He could have talked all day about the potential of another life and the differences between physical and spiritual rewards. He could have defined that which was tangible and contrasted it to that which was intangible but spiritually visible. He could have, but everyone there understood what happens to things when they were allowed to decay. When there is no salt to preserve them, they go bad. What doesn’t decay tends to be ripe for thieves and robbers. Life is fleeting. Things are temporary. Why, Jesus could have preached for days about that. He could have.

Instead, He made three succinct statements that blew the dust off of all the deep religious myths about another life and another kind of rewards. First of all, He said there are only two places you can store treasures, and there are only two kinds of treasures. Those two aren’t the savings and loans and the credit unions. They are the storehouses of earth and the storehouse of heaven. In fact, those are the only two choices you have.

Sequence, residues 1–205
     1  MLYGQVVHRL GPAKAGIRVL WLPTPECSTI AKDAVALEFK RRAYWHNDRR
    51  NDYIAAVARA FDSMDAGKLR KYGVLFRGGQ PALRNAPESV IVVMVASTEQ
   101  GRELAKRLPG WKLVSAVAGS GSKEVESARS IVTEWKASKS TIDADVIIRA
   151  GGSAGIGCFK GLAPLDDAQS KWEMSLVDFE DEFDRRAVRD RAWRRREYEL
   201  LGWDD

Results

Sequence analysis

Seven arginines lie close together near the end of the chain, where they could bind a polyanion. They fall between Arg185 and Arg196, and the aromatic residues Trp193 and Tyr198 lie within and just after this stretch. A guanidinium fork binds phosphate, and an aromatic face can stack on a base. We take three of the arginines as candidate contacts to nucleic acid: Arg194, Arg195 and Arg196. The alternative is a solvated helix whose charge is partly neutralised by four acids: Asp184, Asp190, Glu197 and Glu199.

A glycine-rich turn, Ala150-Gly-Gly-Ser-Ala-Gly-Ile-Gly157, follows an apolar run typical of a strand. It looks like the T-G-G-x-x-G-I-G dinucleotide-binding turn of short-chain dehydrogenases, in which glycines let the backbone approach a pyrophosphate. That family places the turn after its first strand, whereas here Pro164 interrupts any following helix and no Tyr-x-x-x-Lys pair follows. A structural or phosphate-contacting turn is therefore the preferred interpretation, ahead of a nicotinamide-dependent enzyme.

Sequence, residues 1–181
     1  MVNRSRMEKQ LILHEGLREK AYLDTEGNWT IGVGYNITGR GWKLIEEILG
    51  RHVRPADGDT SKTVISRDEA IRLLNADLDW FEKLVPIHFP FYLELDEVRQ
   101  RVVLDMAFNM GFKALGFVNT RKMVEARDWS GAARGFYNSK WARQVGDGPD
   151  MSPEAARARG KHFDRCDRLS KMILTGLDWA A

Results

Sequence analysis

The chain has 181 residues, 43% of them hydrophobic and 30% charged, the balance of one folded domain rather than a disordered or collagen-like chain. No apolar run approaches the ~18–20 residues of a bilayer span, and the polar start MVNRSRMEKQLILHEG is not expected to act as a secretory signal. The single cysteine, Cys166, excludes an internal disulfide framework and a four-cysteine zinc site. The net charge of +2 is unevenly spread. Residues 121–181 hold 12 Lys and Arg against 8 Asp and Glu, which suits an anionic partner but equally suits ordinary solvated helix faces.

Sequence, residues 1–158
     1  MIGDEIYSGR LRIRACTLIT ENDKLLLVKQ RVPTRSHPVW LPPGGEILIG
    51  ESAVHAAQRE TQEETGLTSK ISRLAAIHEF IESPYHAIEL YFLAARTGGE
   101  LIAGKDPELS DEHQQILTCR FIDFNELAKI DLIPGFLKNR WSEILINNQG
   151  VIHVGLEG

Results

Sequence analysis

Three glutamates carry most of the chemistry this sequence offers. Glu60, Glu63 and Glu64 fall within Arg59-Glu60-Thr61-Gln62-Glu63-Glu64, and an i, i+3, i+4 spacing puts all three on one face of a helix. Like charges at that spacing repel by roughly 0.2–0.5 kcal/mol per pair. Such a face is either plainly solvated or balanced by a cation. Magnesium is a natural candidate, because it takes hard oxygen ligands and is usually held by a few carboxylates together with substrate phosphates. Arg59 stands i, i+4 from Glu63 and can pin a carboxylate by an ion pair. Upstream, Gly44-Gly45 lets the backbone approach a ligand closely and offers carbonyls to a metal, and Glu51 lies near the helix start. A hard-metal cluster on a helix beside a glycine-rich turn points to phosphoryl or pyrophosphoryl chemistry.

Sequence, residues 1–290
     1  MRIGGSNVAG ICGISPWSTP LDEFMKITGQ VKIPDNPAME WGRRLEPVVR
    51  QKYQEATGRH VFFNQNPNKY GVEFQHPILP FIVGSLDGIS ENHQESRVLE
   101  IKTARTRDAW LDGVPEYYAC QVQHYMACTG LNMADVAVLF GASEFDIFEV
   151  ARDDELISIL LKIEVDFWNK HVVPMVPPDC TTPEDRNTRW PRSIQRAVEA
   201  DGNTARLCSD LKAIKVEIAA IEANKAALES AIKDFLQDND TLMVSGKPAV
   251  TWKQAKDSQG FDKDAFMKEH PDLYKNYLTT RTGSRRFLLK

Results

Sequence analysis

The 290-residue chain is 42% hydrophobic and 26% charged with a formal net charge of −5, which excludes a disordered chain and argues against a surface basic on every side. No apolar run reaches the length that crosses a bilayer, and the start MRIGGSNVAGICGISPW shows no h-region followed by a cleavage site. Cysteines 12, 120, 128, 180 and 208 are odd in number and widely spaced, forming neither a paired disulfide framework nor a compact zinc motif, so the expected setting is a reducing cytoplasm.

Treasures stored on earth are earthly treasures. They have two basic problems inherent in their relationship with time.

  1. They decay. They diminish in value. They become less and less valuable as metal rusts, fabric ages, the elements thrust their harsh assaults against the materials of earth and one by one they turn to ashes. They just don’t last. Clothes become moth eaten. Metal begins to rust and deteriorate. Technology becomes obsolete. Styles render that which was so valuable as worthless in a matter of months. Since the fall of man, earth has been the object of decay. Therefore, if you are focusing your life on accumulating things which take the form of earthly treasures, you are a fool. They won’t be there when you go to redeem them. They’ll have lost their value; their attractiveness will have waned; their demand will have diminished.
  2. Secondly, those things that maintain some degree of value are ripe for thieves and robbers. You can have the costliest and most valuable of jewels in your collection but be afraid to wear them for fear you’ll lose them or be held up at knife point and have them taken from you. So you hide them in a lock box or a safe somewhere, and they never see the light of day. Big deal. What kind of treasure is that?